The electric screen reflects in her eyes and douses her face in a bright blue light. Her skin isn’t quite as smooth as it once was. Even her thick chestnut locks are starting to turn thin and grey, changing rapidly, if there was anyone there to witness the transformation.
The connectors are clamped firmly to the skin at her temples. There’s a more delicate chain of electrodes across her forehead. Every so often she twitches, her fingers convulsing involuntarily.
But she doesn’t feel the effects of the machine as it feeds like a fattening leech. It doesn’t matter to her. As long as she has the screen to absorb her attention.
She sees a beautiful little girl with long brown hair playing in a garden. It’s her little girl. Her daughter. She’s wearing the blue dress she had sewn for her and the ribbon she had tied lovingly in her hair. The little girl sings as she picks dandelions from the lawn, her voice high and sweet.
The screen runs backwards to a time when the little girl was a tiny newborn, her face red and scrunched as she took her first breath. She can feel the delicate little bundle in her arms. So small and helpless. She forgets the agony of childbirth the moment that precious bundle is placed into her arms.
Her world goes back further still to a day when she glittered in a white dress. Her veil, embroidered with a galaxy of stars, flows behind her. They clasp hands in a field of starlit sunflowers, repeating their vows with soft, trembling voices.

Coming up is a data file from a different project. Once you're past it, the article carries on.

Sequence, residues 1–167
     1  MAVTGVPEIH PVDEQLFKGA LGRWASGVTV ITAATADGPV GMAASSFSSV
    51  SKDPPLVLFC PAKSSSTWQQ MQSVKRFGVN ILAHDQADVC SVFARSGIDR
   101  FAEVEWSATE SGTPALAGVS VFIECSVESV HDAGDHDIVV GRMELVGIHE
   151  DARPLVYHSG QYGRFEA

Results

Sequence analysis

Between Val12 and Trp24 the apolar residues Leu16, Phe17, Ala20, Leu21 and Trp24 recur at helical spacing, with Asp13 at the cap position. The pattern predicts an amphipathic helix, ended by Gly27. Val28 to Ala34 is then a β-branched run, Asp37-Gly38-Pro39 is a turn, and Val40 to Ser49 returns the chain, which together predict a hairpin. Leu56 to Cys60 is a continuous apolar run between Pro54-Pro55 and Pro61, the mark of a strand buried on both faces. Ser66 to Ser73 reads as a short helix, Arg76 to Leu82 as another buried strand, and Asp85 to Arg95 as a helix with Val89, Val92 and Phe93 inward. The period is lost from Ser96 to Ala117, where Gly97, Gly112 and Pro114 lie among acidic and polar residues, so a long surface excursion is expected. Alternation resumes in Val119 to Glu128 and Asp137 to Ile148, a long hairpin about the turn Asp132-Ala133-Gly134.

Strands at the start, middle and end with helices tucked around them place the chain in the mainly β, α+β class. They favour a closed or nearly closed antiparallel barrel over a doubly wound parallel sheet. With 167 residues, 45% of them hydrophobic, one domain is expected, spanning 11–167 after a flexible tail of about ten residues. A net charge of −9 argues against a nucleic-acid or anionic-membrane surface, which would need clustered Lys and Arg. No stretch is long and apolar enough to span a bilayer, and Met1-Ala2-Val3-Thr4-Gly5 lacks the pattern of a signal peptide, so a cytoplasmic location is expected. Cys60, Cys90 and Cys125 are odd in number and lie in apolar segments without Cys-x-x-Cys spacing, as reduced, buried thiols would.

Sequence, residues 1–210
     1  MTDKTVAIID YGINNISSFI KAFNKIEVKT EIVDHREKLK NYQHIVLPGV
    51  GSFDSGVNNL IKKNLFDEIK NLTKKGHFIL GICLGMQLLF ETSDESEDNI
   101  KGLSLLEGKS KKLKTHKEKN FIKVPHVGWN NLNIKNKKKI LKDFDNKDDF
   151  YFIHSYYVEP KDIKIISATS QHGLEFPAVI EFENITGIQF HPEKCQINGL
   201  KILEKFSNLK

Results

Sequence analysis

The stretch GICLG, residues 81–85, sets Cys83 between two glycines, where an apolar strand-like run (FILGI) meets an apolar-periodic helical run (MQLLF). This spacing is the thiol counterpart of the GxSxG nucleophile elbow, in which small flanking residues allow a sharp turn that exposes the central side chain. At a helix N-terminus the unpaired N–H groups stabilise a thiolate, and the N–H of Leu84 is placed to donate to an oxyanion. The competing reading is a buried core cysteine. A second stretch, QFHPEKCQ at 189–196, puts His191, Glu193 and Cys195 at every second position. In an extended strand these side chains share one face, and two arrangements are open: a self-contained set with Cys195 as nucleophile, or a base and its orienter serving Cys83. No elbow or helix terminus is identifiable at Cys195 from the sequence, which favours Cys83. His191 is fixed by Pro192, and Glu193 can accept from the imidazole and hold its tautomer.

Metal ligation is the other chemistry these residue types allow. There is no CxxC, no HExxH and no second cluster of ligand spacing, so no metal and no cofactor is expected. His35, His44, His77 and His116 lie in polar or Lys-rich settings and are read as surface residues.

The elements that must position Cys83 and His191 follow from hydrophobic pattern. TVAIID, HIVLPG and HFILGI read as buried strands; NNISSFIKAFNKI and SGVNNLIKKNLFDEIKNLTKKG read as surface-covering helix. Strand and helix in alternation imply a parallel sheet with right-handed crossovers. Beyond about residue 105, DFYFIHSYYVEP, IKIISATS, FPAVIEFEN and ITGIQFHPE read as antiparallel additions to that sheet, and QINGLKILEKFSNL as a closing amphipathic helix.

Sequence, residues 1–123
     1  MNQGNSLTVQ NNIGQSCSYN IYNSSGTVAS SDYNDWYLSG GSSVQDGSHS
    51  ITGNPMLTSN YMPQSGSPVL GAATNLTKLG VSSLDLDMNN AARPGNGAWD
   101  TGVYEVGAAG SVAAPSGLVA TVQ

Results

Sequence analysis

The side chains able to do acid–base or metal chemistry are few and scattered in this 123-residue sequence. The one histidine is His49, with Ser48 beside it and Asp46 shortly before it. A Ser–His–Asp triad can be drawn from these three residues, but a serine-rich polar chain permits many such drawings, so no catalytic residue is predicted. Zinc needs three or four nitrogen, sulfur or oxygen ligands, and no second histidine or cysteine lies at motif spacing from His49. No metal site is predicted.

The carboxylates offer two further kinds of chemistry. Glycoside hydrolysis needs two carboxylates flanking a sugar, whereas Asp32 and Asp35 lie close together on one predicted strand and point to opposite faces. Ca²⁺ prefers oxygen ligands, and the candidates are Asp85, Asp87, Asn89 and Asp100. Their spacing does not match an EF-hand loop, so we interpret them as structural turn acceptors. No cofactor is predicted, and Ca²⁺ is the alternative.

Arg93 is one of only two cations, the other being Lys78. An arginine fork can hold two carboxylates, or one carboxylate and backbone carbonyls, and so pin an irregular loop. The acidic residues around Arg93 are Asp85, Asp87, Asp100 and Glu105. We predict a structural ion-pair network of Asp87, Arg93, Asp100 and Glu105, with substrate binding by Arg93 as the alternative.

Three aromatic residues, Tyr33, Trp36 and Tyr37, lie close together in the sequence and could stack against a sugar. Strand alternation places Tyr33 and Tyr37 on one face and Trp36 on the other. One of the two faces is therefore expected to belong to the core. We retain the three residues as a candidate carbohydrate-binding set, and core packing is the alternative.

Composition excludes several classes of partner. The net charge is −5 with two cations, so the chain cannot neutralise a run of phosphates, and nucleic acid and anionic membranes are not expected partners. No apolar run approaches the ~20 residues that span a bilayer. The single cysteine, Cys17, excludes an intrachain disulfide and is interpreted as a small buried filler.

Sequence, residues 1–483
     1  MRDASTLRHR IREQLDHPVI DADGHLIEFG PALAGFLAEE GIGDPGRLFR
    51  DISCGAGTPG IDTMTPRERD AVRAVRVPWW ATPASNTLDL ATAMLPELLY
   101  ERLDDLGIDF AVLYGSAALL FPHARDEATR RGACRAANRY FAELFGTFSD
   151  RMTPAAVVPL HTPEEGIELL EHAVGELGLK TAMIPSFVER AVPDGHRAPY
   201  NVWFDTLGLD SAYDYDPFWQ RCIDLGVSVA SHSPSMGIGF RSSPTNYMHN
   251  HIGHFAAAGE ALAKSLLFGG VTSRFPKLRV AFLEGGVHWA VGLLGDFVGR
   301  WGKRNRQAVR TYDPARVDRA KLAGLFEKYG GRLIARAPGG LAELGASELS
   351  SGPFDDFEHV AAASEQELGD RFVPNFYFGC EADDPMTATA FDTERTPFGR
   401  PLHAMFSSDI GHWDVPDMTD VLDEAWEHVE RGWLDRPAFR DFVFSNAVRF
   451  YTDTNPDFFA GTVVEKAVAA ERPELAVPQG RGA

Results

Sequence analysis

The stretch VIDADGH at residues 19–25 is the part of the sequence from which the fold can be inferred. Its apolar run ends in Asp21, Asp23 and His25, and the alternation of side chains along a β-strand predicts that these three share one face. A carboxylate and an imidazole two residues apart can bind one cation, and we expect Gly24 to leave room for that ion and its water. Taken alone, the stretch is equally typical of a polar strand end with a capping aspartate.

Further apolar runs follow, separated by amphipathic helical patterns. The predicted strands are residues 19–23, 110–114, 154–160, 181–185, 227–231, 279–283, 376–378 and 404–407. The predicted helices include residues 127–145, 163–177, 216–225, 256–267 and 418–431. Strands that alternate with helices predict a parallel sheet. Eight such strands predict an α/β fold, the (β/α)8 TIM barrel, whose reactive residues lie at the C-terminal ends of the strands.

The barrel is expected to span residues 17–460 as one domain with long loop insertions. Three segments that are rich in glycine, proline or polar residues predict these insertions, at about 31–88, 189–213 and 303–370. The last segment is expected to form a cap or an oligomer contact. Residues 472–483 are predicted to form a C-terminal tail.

The footage runs faster, moving back relentlessly to another time and place. To adventures in foreign lands. To first kisses. First time getting drunk. First dances. First day at school.
She reaches the end of the video. There’s a loud click. The screen glares at her, electric blue and tauntingly blank.
So that’s how it could have been, she thinks. How her life and her dreams could have come together if it hadn’t been for the great darkness.
She pulls the electrodes from her temples and forehead. Her skin is now creased and as thin as crepe paper. Her hair is completely white. She rises from her seat. Her body feels much older now, yet she can’t quite recall if it ever felt young.
All she knows is that she has traded everything she has left to this machine, which meant it wouldn’t show her anything more.
But the trade feels fair, even though she can’t remember how it came to be. That’s the case for most who come here. It’s the only way to live your dreams ever since the great darkness had descended on the world and decimated life as they knew it.
You could live them virtually.
In exchange for your life.
She shuffles out of the room, her back now hunched and her joints swollen with arthritis.
‘Thank you, come back soon!’ Calls the man at reception. It’s just a courtesy. A reflex of sorts. He knows this little old lady has given the last of what she had left to give.
Well, better to live a beautiful lie than a hopeless existence, he thinks. That is their company slogan, after all.